The reason for these discrepancies is, basically, the same reason that “cuts” in the federal government in Washington, D.C., often turn out to be not cuts at all—they are just reductions to proposed increases. In North Carolina’s state government, annual increases are legally built-in, so that the budget amount that a new administration or legislature starts out with is already larger than the previous year. Thus, even though UNC appropriations will go down only slightly and revenue from tuition will actually increase by about $200 million if the proposal goes through, appropriations to the UNC system are “officially” being cut by $189 million.
The biggest part of the budget cut is called “management flexibility.” The proposal includes a $101 million reduction in this category; thus, the system would receive $101 million less than it anticipated, and system officials would have to figure out how to make those cuts. The proposal does include suggestions for areas to cut, however. They include reducing the number of middle management positions, eliminating low-performing or redundant programs, and adjusting faculty workloads. These changes, by the way, are ones that the Pope Center has advocated over recent years.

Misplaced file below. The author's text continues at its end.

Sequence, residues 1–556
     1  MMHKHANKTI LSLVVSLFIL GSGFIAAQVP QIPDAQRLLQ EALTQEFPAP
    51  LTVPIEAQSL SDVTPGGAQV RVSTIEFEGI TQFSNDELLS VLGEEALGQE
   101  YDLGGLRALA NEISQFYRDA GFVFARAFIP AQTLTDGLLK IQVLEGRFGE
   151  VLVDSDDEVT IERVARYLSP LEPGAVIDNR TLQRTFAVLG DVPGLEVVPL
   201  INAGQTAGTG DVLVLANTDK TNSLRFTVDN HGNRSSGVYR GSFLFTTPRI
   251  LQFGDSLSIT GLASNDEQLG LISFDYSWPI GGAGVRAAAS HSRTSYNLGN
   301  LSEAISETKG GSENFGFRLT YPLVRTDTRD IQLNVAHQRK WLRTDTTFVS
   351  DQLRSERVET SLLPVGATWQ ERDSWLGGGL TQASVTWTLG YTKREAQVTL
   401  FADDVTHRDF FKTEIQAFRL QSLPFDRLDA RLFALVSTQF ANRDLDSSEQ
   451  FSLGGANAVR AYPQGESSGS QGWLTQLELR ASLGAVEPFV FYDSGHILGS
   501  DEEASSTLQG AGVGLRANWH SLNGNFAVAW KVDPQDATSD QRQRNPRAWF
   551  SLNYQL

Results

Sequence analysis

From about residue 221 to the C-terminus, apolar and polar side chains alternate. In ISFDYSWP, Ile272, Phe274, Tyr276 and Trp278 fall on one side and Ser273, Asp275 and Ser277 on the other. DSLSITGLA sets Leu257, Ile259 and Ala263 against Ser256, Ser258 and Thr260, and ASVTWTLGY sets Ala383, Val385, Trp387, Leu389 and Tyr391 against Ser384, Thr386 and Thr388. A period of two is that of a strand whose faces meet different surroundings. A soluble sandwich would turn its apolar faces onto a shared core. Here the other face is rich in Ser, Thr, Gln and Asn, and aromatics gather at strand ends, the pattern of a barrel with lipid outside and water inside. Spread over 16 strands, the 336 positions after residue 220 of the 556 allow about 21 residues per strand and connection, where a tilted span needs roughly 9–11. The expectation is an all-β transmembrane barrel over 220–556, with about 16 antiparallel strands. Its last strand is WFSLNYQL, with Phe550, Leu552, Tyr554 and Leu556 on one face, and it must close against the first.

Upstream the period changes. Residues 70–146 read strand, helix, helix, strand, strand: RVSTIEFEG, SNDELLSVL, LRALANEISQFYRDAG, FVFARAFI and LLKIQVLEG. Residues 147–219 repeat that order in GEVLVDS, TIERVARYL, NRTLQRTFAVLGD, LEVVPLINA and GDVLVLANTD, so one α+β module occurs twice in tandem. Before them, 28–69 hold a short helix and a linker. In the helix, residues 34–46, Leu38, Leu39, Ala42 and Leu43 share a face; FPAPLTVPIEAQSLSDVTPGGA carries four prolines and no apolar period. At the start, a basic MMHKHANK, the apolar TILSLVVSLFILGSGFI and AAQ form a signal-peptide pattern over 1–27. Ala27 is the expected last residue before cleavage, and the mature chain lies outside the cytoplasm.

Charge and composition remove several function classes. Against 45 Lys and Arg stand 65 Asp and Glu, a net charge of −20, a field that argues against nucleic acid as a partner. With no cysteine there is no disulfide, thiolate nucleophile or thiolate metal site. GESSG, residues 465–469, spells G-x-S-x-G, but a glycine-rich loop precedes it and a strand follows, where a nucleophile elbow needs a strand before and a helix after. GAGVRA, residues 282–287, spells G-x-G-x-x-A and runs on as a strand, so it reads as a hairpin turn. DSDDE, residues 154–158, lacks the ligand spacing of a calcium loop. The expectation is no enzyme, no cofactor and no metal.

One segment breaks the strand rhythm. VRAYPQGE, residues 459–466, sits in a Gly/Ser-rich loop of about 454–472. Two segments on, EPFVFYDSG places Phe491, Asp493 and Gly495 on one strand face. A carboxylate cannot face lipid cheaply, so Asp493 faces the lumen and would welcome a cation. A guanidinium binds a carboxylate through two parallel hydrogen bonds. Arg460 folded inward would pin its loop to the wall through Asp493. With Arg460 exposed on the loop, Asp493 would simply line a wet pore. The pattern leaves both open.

The proposed budget also would mandate specific savings, including $10 million in administrative and operational efficiencies. Those would include savings from sharing administrative duties between campuses, purchasing commodities in cooperation with state government, eliminating redundant business practices, and improving energy efficiency.
Another savings measure is consolidating programs, combining some of UNC’s 1,700 degree programs. (The Pope Center proposed something similar in item number 11 of our Twelve Reforms of Christmas).
The budget would increase revenues by proposing an increase in out-of-state student tuition, which would rise by an average of about 6 percent at each school. In addition, the proposal carries further the decision made in 2010 to charge out-of-state students full tuition even when they are on athletic scholarships. In 2010, the legislature required university donors who paid for athletic scholarships to pay full out-of-state tuition; previously, state taxpayers picked up the difference between in-state and out-of-state tuition.